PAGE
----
Dodie's past as an "artist" in New York City was risible. As described, her art (based on her supposed friends' responses to it) wouldn't get her a Brookly café's wall-space, still less a reviewed show in a gallery. I don't think giving Dodie's sister a Black husband was all that relevant to the story; like giving Dodie herself a lesbian BFF, a soul-sibling whose death in the first part of the book leaves little apparent mark on her life. Just more window dressing, more piece of plot to make into plotsicles.

Oh, desserts! Yes, let's not forget one of today's most popular light-fiction tropes: Lots and lots and lots of sugary stuff described in lingering, sensual detail. This was, I admit without shame or blushes (he blushed shamefacedly), a big reason I kept going with the read. Well, that and the fact that I wanted Shep-the-love-interest's big secret to be he was a big ol' 'mo like all Dodie's buds back in Brooklyn were. The sort-of-stupid references to the male gaze that Dodie craves and invites in terms of desserts is less charming, though...and I am guilty of telling my Young Gentleman Caller that he's sweeter than condensed milk. (In his defense he mimes vomiting every time I do.)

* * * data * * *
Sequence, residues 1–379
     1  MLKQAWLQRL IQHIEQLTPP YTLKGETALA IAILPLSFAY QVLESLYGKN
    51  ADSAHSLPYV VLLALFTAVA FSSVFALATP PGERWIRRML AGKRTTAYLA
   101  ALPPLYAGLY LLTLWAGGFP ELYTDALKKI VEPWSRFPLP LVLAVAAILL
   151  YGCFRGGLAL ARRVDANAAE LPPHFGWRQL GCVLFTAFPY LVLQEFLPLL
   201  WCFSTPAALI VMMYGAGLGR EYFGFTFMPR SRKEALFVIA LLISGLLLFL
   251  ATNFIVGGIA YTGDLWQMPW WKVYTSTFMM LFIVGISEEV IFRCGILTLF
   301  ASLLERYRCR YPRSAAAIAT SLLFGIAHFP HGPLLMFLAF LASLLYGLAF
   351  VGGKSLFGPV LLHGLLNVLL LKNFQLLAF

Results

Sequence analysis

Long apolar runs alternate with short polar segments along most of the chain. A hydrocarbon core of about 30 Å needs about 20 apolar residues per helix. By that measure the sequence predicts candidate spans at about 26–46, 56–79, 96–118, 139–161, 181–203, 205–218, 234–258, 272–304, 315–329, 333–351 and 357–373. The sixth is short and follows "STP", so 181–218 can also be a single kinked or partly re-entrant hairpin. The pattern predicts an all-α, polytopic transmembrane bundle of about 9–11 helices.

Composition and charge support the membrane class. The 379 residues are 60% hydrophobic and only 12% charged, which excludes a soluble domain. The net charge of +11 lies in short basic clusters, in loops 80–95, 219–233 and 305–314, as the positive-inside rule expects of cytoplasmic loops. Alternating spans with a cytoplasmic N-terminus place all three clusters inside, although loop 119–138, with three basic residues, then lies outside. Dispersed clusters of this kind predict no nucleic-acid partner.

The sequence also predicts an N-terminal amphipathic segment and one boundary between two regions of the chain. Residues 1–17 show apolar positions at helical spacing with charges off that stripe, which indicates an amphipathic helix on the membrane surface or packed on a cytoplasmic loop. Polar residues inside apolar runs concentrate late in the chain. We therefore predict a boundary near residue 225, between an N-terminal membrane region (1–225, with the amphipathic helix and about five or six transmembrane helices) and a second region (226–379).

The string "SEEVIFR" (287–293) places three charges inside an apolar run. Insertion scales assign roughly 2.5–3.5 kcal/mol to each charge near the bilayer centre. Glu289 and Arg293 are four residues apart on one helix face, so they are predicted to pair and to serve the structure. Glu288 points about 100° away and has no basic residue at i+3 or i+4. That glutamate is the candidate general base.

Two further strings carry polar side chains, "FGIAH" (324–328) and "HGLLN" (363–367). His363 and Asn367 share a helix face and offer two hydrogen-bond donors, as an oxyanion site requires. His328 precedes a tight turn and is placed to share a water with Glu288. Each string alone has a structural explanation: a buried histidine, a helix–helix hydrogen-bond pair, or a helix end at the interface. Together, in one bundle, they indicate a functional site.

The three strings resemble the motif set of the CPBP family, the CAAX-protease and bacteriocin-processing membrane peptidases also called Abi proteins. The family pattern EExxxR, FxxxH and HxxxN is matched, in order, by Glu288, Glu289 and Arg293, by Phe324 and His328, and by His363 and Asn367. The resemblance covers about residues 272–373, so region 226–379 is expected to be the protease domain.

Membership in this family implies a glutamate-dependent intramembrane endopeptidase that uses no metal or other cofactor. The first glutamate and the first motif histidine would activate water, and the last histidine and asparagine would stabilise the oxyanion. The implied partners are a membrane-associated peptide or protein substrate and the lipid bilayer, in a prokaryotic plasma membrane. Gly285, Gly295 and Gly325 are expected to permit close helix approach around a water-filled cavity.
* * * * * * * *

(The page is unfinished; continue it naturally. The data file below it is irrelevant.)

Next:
Why would I recommend you read it? I would honestly say that it's an undemanding read that will, without meaning to or even wanting to, cause the least reflective among us to question our assumptions and the more Woke to examine our privilege, looking at how very, very deep it is from the outsider's vantage of an unchallenging-for-privileged-white-folks, like me, of an afternoon's read. ( )
  richardderus | Aug 1, 2020 |
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Oprindelig udgivelsesdato
Vigtige steder
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Beslægtede film